Customers running on an on-premises environment often face the challenges of scalability, performance, cost, and reliability. To increase resiliency, performance, and scalability, AWS has become the new norm to help and offer companies the benefits of the AWS Cloud.
In this post, we use Oracle Real Application Testing (Oracle RAT) to help you evaluate differences between on-premises database workloads and database workloads running on Amazon Elastic Compute Cloud (Amazon EC2). Amazon EC2 offers the broadest and deepest compute platform with choice of processor, storage, networking, operating system, and purchase model. It provides you with complete control of your computing resources and lets you run on Amazon’s proven computing environment.
This post specifically deals with running Orace RAT on Amazon EC2 alone and doesn’t list the steps for analysis on Amazon Relational Database Service (Amazon RDS). For details on running Oracle RAT on Amazon RDS, see Use Oracle Real Application Testing features with Amazon RDS for Oracle.
Oracle Real Application Testing
Oracle RAT is a tool that helps you evaluate the effect of any database system changes on real-world applications in a test environment before you deploy the change in the production environment. With Oracle RAT, you can capture the workload run on your production database system and replay it on a test environment to help analyze the difference between running workloads on premises and Amazon EC2. Oracle RAT includes features such as Database Replay and SQL Performance Analyzer (SPA) to test the effect of system changes on real-world applications:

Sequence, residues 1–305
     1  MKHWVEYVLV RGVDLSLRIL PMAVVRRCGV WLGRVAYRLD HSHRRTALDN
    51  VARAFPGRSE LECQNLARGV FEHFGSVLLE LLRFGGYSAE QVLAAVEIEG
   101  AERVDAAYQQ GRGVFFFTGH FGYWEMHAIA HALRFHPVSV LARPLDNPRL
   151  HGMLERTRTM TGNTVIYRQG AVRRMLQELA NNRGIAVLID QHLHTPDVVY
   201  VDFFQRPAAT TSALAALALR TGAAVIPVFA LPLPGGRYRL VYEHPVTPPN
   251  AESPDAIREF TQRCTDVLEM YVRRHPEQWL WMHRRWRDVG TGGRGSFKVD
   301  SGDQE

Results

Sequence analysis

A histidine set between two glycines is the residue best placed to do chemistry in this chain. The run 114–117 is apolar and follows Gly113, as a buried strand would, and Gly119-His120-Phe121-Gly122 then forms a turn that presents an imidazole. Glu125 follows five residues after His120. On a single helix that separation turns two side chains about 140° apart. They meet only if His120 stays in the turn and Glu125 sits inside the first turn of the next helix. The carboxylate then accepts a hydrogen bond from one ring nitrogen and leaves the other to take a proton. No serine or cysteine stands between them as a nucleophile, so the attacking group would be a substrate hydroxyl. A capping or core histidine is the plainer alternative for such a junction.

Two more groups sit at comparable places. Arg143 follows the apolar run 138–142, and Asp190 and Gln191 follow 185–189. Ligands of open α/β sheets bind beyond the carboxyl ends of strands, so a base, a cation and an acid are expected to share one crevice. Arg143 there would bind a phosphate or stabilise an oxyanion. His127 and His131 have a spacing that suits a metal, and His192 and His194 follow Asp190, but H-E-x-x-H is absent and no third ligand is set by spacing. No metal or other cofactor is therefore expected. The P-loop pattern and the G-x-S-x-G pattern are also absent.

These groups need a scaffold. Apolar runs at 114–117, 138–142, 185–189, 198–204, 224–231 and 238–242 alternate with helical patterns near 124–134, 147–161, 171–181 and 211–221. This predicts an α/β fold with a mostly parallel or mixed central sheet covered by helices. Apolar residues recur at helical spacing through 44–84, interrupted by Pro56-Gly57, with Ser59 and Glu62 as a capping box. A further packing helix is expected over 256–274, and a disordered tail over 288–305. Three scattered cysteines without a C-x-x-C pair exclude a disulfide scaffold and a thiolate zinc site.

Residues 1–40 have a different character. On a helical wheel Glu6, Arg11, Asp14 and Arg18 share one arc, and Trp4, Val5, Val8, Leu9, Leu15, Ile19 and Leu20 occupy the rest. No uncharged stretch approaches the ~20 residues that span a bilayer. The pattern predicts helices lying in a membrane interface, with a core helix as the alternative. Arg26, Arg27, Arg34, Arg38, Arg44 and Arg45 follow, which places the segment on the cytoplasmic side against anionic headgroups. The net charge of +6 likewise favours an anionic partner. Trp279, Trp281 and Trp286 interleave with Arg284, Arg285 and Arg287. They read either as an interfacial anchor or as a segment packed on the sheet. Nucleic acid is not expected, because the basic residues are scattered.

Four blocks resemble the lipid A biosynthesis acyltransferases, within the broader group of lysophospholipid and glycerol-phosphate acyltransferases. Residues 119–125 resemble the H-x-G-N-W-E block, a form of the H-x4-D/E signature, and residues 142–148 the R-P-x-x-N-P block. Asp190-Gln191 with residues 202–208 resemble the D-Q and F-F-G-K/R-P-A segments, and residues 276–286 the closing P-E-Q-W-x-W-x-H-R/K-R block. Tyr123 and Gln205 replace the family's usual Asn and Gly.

Database Replay enables you to effectively test system changes by replaying a full production workload on a test system to analyze the overall impact. These changes could include database upgrades, patches, parameter changes, or configuration changes such as server, storage, and network.
SQL Performance Analyzer enables you to access the impact of system changes on SQL performance by identifying any difference in the SQL run plans and statistics resulting from the change.
Oracle RAT has its own separate licensing requirements. Because Oracle RAT reports depend on Automatic Workload Repository (AWR) reports, it also needs Diagnostic and Tuning Pack licenses. For more details, see Oracle Database Options and Their Permitted Features.
Prerequsites for using Oracle RAT
Before performing the capture and replay of workloads using Oracle RAT, consider the following key prerequisites: